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Summaries of recently released decisions to be included in the next issue of the Digest (uncorrected)


Property Owner’s Liability for Snow and Ice on Sidewalk

In reversing the grant of summary judgment to the defendant in a slip and fall case, the Second Department explained the controlling law with respect to ice and snow on a municipal sidewalk abutting private property as follows:

           Section 7-210 of the Administrative Code of the City of New York, which became effective September 14, 2003, shifted tort liability from the City to the property owner for personal injuries proximately caused by the owner’s failure to maintain the sidewalk abutting its premises in a reasonably safe condition (including the negligent failure to remove snow, ice, or other material from the sidewalk), with several exceptions not relevant here ….

          Administrative Code of the City of New York § 7-210 does not impose strict liability upon the property owner, and the injured party has the obligation to prove the elements of negligence to demonstrate that an owner is liable …. Thus, in support of a motion for summary judgment dismissing a cause of action pursuant to Administrative Code of the City of New York § 7-210, the property owner has the initial burden of demonstrating, prima facie, that it neither created the hazardous condition nor had actual or constructive notice of its existence for a sufficient length of time to discover and remedy it ….  Gyokchyan v City of New York, 2013 NY Slip Op 03302, 2nd Dept, 5-8-13


Jury Need Not Draw the Permissible Inference of Negligence Under Doctrine of Res Ipsa Loquitur, Even Where Defendant Offers No Proof

The Second Department explained that the doctrine of res ipsa loquitur makes out a prima facie case of negligence but the jury is not required to draw the permissible inference of negligence, even where the defendant offers no proof:

           The doctrine of res ipsa loquitur permits an inference of negligence to be drawn solely from the happening of an accident, upon a plaintiff’s showing that the event is of the kind which ordinarily does not occur in the absence of negligence and was caused by an agency or instrumentality within the exclusive control of the defendant, without any voluntary action or contribution on the part of the plaintiff …. “The rule has the effect of creating a prima facie case of negligence sufficient for submission to the jury, and the jury may-but is not required to-draw the permissible inference” …. “[T]he use of res ipsa loquitur does not relieve the plaintiff of the burden of proof” …. In a res ipsa loquitur case, the jury has great latitude; even when the plaintiff has established a prima facie case and the defendant has offered no proof, the jury nonetheless is entitled to find for the defendant …, subject, of course, to appellate review. Nikollbibaj v City of New York, 2013 NY Slip Op 03306, 2nd Dept, 5-8-13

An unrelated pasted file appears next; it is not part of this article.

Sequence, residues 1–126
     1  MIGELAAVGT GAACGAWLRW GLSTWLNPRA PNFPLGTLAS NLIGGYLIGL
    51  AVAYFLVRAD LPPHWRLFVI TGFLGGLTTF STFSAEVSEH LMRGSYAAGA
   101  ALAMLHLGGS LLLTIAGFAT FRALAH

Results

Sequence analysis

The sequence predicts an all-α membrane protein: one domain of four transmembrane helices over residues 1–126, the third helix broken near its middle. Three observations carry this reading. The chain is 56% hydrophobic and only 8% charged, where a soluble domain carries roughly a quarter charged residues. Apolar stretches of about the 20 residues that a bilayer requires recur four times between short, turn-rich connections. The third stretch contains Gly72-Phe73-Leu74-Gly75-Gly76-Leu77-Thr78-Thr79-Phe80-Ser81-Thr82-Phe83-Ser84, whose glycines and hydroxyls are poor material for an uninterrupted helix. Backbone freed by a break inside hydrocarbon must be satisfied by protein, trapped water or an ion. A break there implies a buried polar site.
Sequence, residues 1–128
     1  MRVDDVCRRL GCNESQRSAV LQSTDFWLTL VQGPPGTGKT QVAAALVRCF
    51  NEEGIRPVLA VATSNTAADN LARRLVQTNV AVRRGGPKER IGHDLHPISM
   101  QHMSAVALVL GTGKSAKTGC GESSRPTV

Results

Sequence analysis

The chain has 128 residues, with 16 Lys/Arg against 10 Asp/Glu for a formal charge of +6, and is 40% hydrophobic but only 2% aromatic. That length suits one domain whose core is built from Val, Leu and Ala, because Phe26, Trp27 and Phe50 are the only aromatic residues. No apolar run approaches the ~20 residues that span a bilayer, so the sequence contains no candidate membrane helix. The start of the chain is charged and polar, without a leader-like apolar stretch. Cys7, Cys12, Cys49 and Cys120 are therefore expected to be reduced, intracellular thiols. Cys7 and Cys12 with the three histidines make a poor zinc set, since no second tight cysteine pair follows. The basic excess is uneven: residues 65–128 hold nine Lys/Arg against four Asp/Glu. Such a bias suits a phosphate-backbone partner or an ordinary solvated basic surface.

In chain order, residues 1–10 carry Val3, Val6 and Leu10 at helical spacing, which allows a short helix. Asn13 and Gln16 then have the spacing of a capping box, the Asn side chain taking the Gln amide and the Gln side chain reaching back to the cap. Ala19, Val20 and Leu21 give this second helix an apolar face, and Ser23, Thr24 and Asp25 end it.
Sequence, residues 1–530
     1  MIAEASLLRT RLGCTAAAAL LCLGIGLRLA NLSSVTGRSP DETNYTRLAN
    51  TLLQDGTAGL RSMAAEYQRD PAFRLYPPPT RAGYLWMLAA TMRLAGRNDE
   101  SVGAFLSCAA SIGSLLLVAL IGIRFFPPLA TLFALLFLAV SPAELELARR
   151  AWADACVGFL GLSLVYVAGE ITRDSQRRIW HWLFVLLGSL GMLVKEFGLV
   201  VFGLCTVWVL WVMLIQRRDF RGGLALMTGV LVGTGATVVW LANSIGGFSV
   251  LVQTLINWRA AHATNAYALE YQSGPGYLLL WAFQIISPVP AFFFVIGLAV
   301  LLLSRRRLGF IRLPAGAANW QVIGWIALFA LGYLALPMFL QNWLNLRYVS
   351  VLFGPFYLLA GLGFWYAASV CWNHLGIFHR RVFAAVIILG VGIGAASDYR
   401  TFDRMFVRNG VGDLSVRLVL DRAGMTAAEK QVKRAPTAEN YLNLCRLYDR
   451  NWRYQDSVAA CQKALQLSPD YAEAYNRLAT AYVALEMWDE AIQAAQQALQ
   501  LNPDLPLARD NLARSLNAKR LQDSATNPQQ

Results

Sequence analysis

College Had No Duty to Supervise Fraternity “Pledging” Activities

The Second Department affirmed the dismissal of an action brought by a student against his college alleging a failure to supervise a fraternity’s “pledging” activities (resulting in personal injuries).  The Court wrote:

         "Absent a duty of care, there is no breach, and without breach there can be no liability" …. The existence of a legal duty presents a question of law for the court … . "New York has affirmatively rejected the doctrine of in loco parentis at the college level and colleges in general have no legal duty to shield their students from the dangerous activity of other students'" …. A duty, however, may be imposed upon a college where it has encouraged its students to participate in an activity and taken affirmative steps to supervise and control the activity ….  * * * [T]he plaintiff did not sufficiently allege that the University defendants' involvement in the Fraternity's initiation process was of a degree that gave rise to a duty… . Pasquaretto v Long Is Univ, 2013 NY Slip Op 03308, 2nd Dept, 5-8-13



Notice Element of Lead-Paint Injury Cause of Action Explained


In affirming the denial of summary judgment in a lead-paint injury case, the Third Department explained the “notice” elements as follows: